Developing Youth Soccer Teams

Soccer is unquestionably the most popular team sport played in the world today. On almost every continent, you will find children playing soccer. Those who want to develop a competitive youth soccer team must understand that good planning and proper equipment is required for successful team practice.

Planning a successful practice is to understand the players on the team. When is developing a practice plan, they should be in line with the players’ age and abilities. Coaches should manage practice time and activities taking into consideration these factors. For example, a group of preschool aged children cannot be expected to endure an incredibly rigorous and focused three hour training session. Their practice would need to be more laid back. The coach should focus on basic skills and sportsmanship. Older children can handle longer, more focused practices. Coaches should develop a multi-step practice plan which includes a warm up session, skill training activities, scrimmage practice and a cool down session. Finally, the coach should take a moment at the end of practice to spotlight teamwork and good sportsmanship which are the most importation themes in training of soccer goals.

A well planned practice is just one part of having a successful team practice. Having the right practice equipment is equally as important. The coach should consider the following list:
• Soccer Balls: Balls should be size appropriate for the age of child that is being coached. They should be well inflated and free from defects or damage.

• Cones or Field Markers: Markers should be brightly colored so that players can recognize play and practice boundaries. They can also be used in skill training activities.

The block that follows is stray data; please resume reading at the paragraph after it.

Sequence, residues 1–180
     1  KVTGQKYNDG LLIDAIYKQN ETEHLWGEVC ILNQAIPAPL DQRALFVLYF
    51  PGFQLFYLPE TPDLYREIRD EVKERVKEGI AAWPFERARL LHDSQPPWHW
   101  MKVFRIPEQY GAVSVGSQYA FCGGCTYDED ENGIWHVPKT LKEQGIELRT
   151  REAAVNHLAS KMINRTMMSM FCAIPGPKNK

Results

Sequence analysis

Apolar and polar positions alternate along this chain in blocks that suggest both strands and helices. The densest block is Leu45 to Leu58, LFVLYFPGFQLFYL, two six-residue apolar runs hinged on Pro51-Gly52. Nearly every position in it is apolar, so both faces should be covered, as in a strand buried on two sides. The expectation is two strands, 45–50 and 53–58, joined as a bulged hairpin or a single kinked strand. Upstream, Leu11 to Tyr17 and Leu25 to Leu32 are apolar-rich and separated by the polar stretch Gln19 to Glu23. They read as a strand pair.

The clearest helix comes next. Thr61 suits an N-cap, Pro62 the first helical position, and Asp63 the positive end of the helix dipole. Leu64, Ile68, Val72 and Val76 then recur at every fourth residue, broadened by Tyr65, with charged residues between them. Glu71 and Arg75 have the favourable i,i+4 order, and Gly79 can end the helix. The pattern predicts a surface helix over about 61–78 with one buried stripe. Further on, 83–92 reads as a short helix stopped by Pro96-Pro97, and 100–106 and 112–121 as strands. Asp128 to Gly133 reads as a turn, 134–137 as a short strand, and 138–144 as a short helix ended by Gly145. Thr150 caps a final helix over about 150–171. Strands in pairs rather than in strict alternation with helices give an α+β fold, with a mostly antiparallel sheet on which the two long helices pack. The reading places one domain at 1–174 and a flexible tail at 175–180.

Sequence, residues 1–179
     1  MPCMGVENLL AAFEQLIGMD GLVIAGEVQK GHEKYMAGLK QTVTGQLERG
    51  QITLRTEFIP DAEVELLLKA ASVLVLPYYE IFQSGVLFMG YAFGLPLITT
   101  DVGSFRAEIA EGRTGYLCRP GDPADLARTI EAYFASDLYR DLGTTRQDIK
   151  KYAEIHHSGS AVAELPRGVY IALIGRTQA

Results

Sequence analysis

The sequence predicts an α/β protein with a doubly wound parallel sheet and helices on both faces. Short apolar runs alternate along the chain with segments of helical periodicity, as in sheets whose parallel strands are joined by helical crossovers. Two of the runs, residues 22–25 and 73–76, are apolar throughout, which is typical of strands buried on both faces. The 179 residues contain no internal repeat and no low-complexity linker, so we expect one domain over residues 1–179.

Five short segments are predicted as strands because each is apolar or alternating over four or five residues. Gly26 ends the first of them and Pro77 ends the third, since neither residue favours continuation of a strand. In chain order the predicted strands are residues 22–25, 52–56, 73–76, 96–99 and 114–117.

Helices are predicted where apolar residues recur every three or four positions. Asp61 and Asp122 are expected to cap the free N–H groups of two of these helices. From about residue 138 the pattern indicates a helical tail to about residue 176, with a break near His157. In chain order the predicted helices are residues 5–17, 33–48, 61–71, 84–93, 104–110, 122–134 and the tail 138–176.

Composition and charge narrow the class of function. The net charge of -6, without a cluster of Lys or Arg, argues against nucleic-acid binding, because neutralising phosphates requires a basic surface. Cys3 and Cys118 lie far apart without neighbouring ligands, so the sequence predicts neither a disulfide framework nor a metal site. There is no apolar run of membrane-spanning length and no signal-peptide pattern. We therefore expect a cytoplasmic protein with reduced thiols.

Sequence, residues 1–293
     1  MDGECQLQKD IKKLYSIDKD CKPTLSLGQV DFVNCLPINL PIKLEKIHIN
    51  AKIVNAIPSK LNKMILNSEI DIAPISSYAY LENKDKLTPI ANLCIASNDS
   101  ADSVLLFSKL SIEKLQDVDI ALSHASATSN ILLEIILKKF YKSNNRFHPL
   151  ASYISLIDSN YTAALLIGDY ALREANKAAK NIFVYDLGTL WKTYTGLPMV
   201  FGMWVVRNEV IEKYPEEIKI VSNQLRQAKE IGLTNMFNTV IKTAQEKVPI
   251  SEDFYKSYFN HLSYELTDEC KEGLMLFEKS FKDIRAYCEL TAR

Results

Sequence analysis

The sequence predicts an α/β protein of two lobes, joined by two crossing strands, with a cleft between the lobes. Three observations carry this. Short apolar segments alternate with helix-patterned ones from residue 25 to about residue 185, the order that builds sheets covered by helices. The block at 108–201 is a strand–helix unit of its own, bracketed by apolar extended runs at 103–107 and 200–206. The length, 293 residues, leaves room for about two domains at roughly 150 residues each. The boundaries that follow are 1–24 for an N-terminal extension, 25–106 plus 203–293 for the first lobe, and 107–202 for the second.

• Training Soccer Goals: This is probably the most invaluable tool for a coach. Coaches can use these to help develop goal making and goalie practice. Good goal shooting skills help a team score points and good goalie defender skills help them defend against the other team’s points. Coaches should consider investing in a small, lightweight and portable training soccer team.

• Water: Coaches should always have plenty of water available for their players. This ensures that no one will become hurt or ill from dehydration.

One thing not to bring: a whistle. Be in communication with your players and help them learn to communicate with each other.

A coach must understand their player’s abilities, develop a basic practice plan, and have the right equipment in order to successfully create a productive practice session. By doing this the coach is sure to have a winning youth soccer team.

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